Functional neuroanatomy underlying the clinical subcategorization of minimally conscious state patients.
Bruno, Marie-Aurélie ; Majerus, Steve ; Boly, Mélanie et al
in Journal of Neurology (2012), 259(6), 1087-98
Patients in a minimally conscious state (MCS) show restricted signs of awareness but are unable to communicate. We assessed cerebral glucose metabolism in MCS patients and tested the hypothesis that this ... [more ▼]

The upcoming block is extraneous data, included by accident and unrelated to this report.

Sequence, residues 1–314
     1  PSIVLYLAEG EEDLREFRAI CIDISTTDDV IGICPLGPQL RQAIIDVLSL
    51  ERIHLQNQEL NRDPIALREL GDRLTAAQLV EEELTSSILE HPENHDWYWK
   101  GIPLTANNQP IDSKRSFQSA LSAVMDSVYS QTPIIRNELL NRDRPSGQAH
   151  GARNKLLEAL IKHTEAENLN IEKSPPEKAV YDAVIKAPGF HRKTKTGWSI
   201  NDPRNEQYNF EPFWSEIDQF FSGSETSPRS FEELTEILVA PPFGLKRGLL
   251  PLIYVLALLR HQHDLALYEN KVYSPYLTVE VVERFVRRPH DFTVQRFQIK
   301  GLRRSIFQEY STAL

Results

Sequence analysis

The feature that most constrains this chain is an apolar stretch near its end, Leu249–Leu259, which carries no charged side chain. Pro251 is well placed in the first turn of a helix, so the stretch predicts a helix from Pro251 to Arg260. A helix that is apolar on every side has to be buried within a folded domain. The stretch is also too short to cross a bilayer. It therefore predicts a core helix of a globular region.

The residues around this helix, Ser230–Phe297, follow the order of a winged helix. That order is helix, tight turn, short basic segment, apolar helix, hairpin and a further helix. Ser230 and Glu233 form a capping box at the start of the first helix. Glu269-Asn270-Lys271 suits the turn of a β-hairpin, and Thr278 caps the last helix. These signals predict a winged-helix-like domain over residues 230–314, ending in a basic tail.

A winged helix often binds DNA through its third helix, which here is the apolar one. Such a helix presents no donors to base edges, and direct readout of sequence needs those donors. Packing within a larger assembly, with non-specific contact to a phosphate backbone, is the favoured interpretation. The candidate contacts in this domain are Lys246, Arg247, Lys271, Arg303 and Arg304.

Patients in a minimally conscious state (MCS) show restricted signs of awareness but are unable to communicate. We assessed cerebral glucose metabolism in MCS patients and tested the hypothesis that this entity can be subcategorized into MCS- (i.e., patients only showing nonreflex behavior such as visual pursuit, localization of noxious stimulation and/or contingent behavior) and MCS+ (i.e., patients showing command following).Patterns of cerebral glucose metabolism were studied using [(18)F]-fluorodeoxyglucose-PET in 39 healthy volunteers (aged 46 +/- 18 years) and 27 MCS patients of whom 13 were MCS- (aged 49 +/- 19 years; 4 traumatic; 21 +/- 23 months post injury) and 14 MCS+ (aged 43 +/- 19 years; 5 traumatic; 19 +/- 26 months post injury). Results were thresholded for significance at false discovery rate corrected p < 0.05.We observed a metabolic impairment in a bilateral subcortical (thalamus and caudate) and cortical (fronto-temporo-parietal) network in nontraumatic and traumatic MCS patients. Compared to MCS-, patients in MCS+ showed higher cerebral metabolism in left-sided cortical areas encompassing the language network, premotor, presupplementary motor, and sensorimotor cortices. A functional connectivity study showed that Broca's region was disconnected from the rest of the language network, mesiofrontal and cerebellar areas in MCS- as compared to MCS+ patients.The proposed subcategorization of MCS based on the presence or absence of command following showed a different functional neuroanatomy. MCS- is characterized by preserved right hemispheric cortical metabolism interpreted as evidence of residual sensory consciousness. MCS+ patients showed preserved metabolism and functional connectivity in language networks arguably reflecting some additional higher order or extended consciousness albeit devoid of clinical verbal or nonverbal expression. [less ▲]Detailed reference viewed: 268 (10 ULg)